Let’s Talk Short Story Collections

redeploymentThe first choice for the RoscoeBooks Book Club is…wait for it…(gulp!)…a short story collection. I know, right? Craziness! It IS a National Book Award winner — Phil Klay’s Redeployment — but yes, it’s still a short story collection.

Now let me try to talk you into the idea of short story collections in general, but Redeployment in particular. Look, I realize that short story collections aren’t exactly the first choice when you’re looking to wile away the hours with a good book. That’s true even among the most voracious readers. Believe me, until about two years ago, I avoided story collections as if they were an audiobook of a Nickolas Sparks novel set to the musical stylings of Nickelback.

But I’ve converted, and some of the best books I’ve read in the last few years are short story collections. Here are five to try:

5. Redeployment, by Phil Klay — At turns hilarious and harrowing, this collection is about men and women in the Iraq war, how they cope with the horrors of war, and how the war has affected their families. This is the type of book to read if you don’t generally like war novels. These stories are relatively short, but each feels full and engaging. They’re more about people than they are about the horrors of war, but this collection sure makes you realize quickly just how absurd war really is.

Get In Trouble4. Get In Trouble, by Kelly Link — These are fun, inventive, off-the-wall stories that really keep you on your toes. There are nudist colonies, superheroes, butter artists, burial pyramids, life-sized ghost and werewolf boyfriend dolls (you read that right), and much more. Link’s imagination is rather impressive, and this collection is a good cure if your reading has been stuck in the mundane lately.

3. We Live In Water, by Jess Walter — If you’ve read Walter’s stunning novel Beautiful Ruins, well, I’ll be honest, this collection isn’t much like that novel. But it’s still fantastic! These short, often-only-a-few-pages pieces detail life of down-and-outers, often in Walter’s hometown of Spokane, Wash. If you’re a fan of Denis Johnson’s seminal stories, Jesus’ Son (another AMAZING collection), then this one is for you, too.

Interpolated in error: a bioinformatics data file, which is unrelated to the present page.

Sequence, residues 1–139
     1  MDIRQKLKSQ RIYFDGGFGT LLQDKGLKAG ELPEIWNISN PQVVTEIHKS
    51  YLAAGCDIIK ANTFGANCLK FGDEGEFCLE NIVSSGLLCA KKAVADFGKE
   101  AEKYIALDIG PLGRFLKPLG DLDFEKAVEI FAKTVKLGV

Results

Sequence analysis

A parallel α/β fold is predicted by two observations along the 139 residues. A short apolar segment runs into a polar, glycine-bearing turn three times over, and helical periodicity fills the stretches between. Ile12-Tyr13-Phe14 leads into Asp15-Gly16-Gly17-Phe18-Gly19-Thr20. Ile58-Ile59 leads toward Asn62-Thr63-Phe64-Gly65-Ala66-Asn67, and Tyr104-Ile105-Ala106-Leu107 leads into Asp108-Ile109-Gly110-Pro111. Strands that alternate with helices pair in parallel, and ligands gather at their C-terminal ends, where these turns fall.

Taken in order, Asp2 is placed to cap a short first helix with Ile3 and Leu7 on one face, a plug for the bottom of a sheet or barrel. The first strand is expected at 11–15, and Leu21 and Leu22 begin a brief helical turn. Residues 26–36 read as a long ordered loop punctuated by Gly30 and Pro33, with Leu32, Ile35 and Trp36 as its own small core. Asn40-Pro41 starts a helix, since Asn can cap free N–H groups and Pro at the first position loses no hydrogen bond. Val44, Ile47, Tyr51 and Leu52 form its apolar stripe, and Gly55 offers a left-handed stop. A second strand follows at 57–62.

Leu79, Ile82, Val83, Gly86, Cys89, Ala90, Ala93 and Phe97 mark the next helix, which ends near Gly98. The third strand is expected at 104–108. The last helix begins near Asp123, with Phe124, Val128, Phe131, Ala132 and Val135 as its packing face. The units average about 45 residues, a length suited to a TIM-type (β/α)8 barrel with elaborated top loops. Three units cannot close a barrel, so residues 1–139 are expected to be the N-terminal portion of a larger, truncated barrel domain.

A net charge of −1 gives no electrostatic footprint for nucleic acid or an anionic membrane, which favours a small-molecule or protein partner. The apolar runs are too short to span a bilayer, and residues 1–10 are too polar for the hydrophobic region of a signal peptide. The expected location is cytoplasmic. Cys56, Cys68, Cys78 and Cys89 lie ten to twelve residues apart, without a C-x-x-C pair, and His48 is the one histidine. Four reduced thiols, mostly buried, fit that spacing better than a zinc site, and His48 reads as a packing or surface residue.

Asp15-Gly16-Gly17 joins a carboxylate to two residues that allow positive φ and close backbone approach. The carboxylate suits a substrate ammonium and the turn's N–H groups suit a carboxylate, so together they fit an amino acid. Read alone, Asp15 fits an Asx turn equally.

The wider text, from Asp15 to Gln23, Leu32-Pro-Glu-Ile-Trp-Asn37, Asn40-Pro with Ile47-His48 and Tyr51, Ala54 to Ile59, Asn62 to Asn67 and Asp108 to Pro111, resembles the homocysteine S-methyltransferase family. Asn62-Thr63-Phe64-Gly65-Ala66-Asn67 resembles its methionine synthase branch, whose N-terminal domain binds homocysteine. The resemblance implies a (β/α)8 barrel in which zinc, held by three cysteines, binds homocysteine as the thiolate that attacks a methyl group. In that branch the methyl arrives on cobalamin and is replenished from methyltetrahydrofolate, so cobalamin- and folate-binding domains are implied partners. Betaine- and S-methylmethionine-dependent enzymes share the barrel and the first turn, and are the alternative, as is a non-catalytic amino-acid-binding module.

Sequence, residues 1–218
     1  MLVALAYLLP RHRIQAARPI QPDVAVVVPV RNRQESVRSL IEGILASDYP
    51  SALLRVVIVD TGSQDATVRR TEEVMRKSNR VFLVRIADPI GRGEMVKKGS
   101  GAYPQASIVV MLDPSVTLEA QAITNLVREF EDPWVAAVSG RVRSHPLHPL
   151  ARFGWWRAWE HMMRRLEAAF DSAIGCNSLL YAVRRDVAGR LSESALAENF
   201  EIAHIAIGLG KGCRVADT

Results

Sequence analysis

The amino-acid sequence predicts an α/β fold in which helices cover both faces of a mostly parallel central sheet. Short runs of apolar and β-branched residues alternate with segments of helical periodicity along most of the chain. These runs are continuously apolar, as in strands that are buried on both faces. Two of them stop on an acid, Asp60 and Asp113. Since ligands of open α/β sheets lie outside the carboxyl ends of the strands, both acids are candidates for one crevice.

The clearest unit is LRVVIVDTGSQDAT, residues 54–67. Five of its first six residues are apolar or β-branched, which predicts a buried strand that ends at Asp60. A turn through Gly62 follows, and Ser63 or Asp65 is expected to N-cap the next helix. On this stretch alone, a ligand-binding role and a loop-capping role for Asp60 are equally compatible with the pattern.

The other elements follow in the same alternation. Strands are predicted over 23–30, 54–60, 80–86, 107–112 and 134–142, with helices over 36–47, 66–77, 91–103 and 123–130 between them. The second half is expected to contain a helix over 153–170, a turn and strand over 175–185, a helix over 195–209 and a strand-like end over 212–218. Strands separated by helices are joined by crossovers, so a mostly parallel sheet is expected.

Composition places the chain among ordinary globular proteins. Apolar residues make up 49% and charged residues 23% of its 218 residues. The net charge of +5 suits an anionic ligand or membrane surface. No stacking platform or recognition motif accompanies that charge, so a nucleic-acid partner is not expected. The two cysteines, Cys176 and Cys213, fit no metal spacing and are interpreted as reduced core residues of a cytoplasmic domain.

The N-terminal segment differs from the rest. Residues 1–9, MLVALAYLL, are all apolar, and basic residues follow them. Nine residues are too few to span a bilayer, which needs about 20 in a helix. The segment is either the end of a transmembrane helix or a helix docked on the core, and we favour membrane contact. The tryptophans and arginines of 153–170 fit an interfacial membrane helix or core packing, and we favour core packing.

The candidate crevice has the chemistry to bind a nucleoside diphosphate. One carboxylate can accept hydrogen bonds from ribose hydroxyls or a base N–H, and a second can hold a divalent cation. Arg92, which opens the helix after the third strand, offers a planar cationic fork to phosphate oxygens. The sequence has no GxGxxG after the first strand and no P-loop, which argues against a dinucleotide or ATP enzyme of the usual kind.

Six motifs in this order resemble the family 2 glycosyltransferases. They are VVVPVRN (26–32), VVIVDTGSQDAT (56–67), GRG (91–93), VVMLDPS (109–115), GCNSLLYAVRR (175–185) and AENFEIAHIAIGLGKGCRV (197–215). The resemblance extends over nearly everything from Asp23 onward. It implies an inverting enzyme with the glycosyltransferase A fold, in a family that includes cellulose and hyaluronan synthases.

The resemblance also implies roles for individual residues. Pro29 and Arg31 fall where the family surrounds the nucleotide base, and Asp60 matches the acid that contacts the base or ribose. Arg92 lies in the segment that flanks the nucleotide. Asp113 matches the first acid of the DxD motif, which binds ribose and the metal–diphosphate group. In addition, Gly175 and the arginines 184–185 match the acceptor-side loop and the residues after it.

2. Vampires in the Lemon Grove, by Karen Russell — First things first: The story in this collection, “Reeling for the Empire” is one of my favorite short stories ever — it’s unusual story, to say the least, but rather gut-punch, too. The stories in this collection are quirky and weird, but really imaginative and fun to read.

tenth of december1. Tenth of December, by George Saunders — Not just one of my favorite short story collections, but one of my favorite books of the last several years, this is the place to start if you’re looking to get in (or back in) to short story collections. Masterful, engaging, and without a single dud, this collection is fantastic from beginning to end. “Escape from Spiderland” will nearly blow your mind. So, so good.

Other great story collections to consider: Jhumpa Lahiri’s Interpreter of Maladies and Unaccustomed Earth; Chimamanda Ngozi Adichie’s The Thing Around Your Neck; Kyle Minor’s Praying Drunk; Jamie Quatro’s I Want To Show You More.

About Greg Zimmerman

In life, as in literature, Greg Zimmerman enjoys a nice mix of the high- and the low-brow. He writes (and uses too-frequent parentheticals) about books at his blog, The New Dork Review of Books. Greg's day job is as a trade magazine editor, and he slings books part time at RoscoeBooks.
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One Response to Let’s Talk Short Story Collections

  1. Levi says:

    I’ve read the title story of Redeployment in a collection and I remember it being really powerful. I also like the combo of Link and Russell you have going here. I find them to be in very similar veins and both super talented. Good lineup overall!


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